Late last week one of the largest military housing providers pleaded guilty to defrauding the military and agreed to pay tens of millions of dollars in restitution to military families for not performing repairs and ignoring dangerous living conditions.
While many would be celebrating a slugger shot for military families, a fledgling housing advocacy group is seeing the end of the lawsuit as just the beginning.
“Problems with military housing haven’t gone away, and in some instances it’s gotten worse or became long term,” said Sarah Kline, founder and director of community outreach at Armed Forces Housing Advocates (AFHA). “We still have families that discover these problems and have even had remediation completed to a degree where the housing company may say, or the installation or Garrison or Wing says, the house is okay. And then, mold comes back.”
Kline started AFHA along with her partners Rachel Christian, Noelle Pacl and Kate Needham. Since then they’ve dived head first into military housing advocacy. The organization works directly with military families having issues with mice, mold and lead paint in public and private military housing. The organization works on window safety and most recently is helping families impacted by jet fuel contaminating the water supply in Hawaii.
Sen. Thom Tillis (R-N.C.) sent a letter to Army Secretary Christine Wormuth on Dec. 21 after AFHA brought mold issues at Ft. Bragg to his attention.
It’s been nearly three years since issues with privatized military housing bubbled up to national attention. Since then, Congress has appropriated money to better housing conditions, created more rights for tenants and pledged to hire more staff to keep housing companies accountable.
Kline said those reforms have helped, but they aren’t nearly enough.
“One of the biggest things we’ve seen is the military housing offices run by the government, which were typically run by two employees in 2019, some of those now have more than six,” Kline said. “They’ve done a great job of getting warm bodies in seats, but there’s still a process to train them and they’re still learning. That’s been difficult.”
Kline said she’s concerned about who is getting the jobs as well. AFHA has seen employees from military housing companies move over to the new government jobs. Kline said she’d like to see the government hire vertical engineers or people with HVAC experience instead.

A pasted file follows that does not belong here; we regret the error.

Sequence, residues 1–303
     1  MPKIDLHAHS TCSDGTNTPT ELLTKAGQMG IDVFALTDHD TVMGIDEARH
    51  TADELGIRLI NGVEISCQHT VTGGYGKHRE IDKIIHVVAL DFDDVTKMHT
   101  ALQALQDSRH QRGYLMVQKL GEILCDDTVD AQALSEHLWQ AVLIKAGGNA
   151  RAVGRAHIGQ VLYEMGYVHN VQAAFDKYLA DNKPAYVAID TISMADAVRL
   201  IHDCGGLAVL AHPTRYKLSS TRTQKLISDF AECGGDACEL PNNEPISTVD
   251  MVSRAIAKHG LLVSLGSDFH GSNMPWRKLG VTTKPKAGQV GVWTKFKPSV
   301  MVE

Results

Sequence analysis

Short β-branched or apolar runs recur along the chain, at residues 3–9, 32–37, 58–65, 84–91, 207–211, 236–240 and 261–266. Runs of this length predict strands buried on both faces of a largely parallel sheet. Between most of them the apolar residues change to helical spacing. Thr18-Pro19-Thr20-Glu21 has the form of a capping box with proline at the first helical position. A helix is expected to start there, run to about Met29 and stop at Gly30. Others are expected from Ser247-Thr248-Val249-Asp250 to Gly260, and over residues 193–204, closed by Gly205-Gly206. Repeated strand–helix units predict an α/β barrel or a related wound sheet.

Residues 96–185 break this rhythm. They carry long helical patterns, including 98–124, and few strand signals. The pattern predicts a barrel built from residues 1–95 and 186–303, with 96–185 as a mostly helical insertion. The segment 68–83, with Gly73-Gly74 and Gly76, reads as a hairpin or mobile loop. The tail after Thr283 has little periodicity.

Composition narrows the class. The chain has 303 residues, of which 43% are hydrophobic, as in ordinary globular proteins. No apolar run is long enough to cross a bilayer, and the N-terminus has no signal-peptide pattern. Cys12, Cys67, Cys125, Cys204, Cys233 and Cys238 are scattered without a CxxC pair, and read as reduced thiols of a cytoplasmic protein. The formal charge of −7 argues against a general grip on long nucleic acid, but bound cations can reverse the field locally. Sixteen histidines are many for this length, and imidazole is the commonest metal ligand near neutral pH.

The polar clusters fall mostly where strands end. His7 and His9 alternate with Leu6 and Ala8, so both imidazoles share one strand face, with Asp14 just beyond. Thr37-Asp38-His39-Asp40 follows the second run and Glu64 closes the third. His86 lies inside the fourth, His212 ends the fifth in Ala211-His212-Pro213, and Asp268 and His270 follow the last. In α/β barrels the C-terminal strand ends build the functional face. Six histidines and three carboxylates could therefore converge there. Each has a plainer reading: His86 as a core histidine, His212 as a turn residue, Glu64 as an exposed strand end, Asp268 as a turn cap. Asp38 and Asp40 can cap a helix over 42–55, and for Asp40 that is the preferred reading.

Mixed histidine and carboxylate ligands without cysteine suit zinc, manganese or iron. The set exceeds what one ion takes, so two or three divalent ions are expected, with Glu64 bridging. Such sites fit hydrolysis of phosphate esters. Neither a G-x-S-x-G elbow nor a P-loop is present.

Then there is the tenant bill of rights. The Congressionally mandated provisions protecting military families spent some time being bantered about between housing companies and the Defense Department. The Pentagon said it sewed up the final pieces this summer, but Kline said it’s more complicated than that.
One of the biggest provisions was a dispute resolution between families and the companies. Kline said there are still kinks in the way it works.
“We wanted to see exactly how that would be implemented, and unfortunately, the number of families attempting to seek that dispute resolution, and the ones that actually end up making it through that process are vastly different,” she said. “Those metrics are completely different. We’ve had families request dispute resolution, but instead they are sent away with a list of attorneys from their installation legal office, when really they wanted to go through that process. Even though we had the bill of rights finalized in the summer of 2021, presently, we’re still not seeing families be able to use the dispute process as it was intended by the legislation.”
Kline says the punishment of Balfour Beatty Communities (BBC) last week is just a drop in the bucket for what service members and their families are going through.
There are still multiple lawsuits filed by families against the 15 housing companies. Service members in Hawaii are living with contaminated water. Families are finding mold and pest in their houses. Even newer houses are having repair and mold issues.
“The fate of military housing continues to be a systemic issue across the nation, with BBC-owned contracts and others, and the military privatized housing program remains without enough oversight to properly prevent these military privatized housing companies from abusing their tenants,” Kline said.